J COMMON SUPERSTITIONS. i The" origin oft some of our common super. •'titions is not far to --eek but the founda- t i (-) f .other-s is completely* lost in the ob.-curity of i gcs. Some beliefs are his- torical—the general avoidance of sitting down thirteen at table, for instance; ;,i:d the custom of saying "bless yon to a per- son who sneezes. The latter practice comes from the ancient Egyptians; but who can explain why the blessing should be nullified if you are so polite as to say "thank you" in reply? Why should a briile avoid being married in a blue gown Ami what is the origin of the eoupiot which, bids her wea? Something old and something new, Something borrowed, something blue? Friday being by o?nera.! coD?ut an. in- ￼ fucky day, 01,z can ?nite underhand* ?. r.cy hesitation about marrying on that dry; though it is said that if you marry on Friday you will never lack love, whatever oU>er misfortunes may befall you. If vcii wish k. know on what day to be married, the old rhyme will tell you. Monday for health, Tuesday Jor wealth, Wednesday the bo", day of all: Thun-day for losses, Friday for crosses, Saturday never at all.
BITS ABOUT LIGHTNING. I A wet winter means a thiuider-and-bgrt- ri "Lightning travels nearly a | million times faster than thunder. I>ignt> ning does sot generate heat in its path -an- i less" obstructed. Sheet lihtlling' is but, the reflection on the clouds of a flash e^sewnere. [Forked lightning is due to the dividing of the flash bv certain objects it approaches. Kevs. watches, rings, and brooches inciei.j danger of being struck by lightning. The cau»e of. death by lightning is the de- struction of the nerves by the electric cur. lent*.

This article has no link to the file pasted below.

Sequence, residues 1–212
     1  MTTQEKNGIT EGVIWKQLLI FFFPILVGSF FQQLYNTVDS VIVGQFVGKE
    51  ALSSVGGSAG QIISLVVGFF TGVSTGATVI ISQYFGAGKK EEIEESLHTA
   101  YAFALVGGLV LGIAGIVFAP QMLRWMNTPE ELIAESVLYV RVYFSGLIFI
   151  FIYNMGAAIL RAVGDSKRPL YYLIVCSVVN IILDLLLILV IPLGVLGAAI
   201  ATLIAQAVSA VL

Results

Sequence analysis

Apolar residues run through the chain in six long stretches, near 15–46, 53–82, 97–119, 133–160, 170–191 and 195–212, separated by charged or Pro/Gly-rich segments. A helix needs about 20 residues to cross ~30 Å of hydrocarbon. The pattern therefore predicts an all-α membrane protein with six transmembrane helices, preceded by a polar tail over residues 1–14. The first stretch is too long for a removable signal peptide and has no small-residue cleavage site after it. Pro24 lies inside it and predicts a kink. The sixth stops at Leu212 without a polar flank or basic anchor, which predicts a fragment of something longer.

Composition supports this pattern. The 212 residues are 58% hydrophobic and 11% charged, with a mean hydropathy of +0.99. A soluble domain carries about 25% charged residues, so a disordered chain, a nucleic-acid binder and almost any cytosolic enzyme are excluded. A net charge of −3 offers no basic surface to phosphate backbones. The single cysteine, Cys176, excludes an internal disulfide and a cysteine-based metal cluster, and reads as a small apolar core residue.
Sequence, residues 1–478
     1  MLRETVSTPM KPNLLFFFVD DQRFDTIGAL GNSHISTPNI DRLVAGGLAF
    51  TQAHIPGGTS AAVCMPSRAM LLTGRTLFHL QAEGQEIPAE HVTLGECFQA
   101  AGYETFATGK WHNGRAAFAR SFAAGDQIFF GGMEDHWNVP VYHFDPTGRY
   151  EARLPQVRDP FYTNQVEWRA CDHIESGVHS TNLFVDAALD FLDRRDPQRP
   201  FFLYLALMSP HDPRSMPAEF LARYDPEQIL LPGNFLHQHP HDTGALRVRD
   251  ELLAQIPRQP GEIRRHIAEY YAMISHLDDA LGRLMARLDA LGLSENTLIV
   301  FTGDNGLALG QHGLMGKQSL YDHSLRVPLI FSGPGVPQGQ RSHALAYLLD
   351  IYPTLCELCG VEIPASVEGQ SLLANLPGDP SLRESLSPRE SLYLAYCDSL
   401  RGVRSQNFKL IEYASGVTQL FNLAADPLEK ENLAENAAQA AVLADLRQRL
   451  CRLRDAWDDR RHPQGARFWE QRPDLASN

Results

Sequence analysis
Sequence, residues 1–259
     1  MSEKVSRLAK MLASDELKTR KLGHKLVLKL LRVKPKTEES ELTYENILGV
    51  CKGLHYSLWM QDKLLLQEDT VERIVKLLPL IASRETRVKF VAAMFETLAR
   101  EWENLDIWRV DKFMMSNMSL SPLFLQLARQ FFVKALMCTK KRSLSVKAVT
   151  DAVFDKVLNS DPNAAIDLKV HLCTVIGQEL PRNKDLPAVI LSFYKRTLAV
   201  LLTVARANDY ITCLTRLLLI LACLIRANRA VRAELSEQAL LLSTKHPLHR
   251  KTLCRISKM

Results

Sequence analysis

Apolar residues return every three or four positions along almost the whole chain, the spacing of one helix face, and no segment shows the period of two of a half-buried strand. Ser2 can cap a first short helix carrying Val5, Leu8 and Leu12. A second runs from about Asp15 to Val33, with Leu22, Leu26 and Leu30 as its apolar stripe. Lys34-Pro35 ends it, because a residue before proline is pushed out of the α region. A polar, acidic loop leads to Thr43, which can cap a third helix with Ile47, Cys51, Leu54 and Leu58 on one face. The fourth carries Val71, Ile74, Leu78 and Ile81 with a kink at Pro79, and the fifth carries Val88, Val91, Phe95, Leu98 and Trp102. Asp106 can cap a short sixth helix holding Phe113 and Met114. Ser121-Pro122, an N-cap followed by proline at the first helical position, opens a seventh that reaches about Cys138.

FRIDAY. I I Friday marriages are "for losses," and fuperstitious couples who are getting mar- ried avoid this day. Shipping returns of all countries show a much lower sailing Tate on Fridav than on any other day of the week. Friday is America's lucky day. Cohimbiis discovered land- on fbit, day; the pilgrims landed on a Friday, and Washington was born oa a Friday. The Talmud, the book containing, the civil laws of the ancient Jews, says that Adam was created on a Fridav, sinned on a Friday ,and was thrust out of Eden on a Friday.
T!J President of the Xat?on? Free Cl"lrc'? O?nei!. will spend the first' -eek m August wit-h tho Grand Fleet and officially conduct services amongst Free Churchmen. Sir DonaJd Maclean has been adopted as the Liberal candidate for the-new constituency of South Midlothian and Peebles-t»hire. At 'an aerodrome in South Essex, John Dunbar, twenty-nine, a single man and a first air mechanic, was "sucking in" on a machine, when 'the propeller started a-nd inflicted fatal in rimes. #